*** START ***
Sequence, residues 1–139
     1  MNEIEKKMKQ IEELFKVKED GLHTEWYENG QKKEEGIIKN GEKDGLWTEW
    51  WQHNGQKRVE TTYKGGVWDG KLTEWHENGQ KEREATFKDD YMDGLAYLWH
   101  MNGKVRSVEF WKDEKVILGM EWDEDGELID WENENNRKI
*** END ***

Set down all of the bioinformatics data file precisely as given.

Sequence, residues 1–139
     1  MNEIEKKMKQ IEELFKVKED GLHTEWYENG QKKEEGIIKN GEKDGLWTEW
    51  WQHNGQKRVE TTYKGGVWDG KLTEWHENGQ KEREATFKDD YMDGLAYLWH
   101  MNGKVRSVEF WKDEKVILGM EWDEDGELID WENENNRKI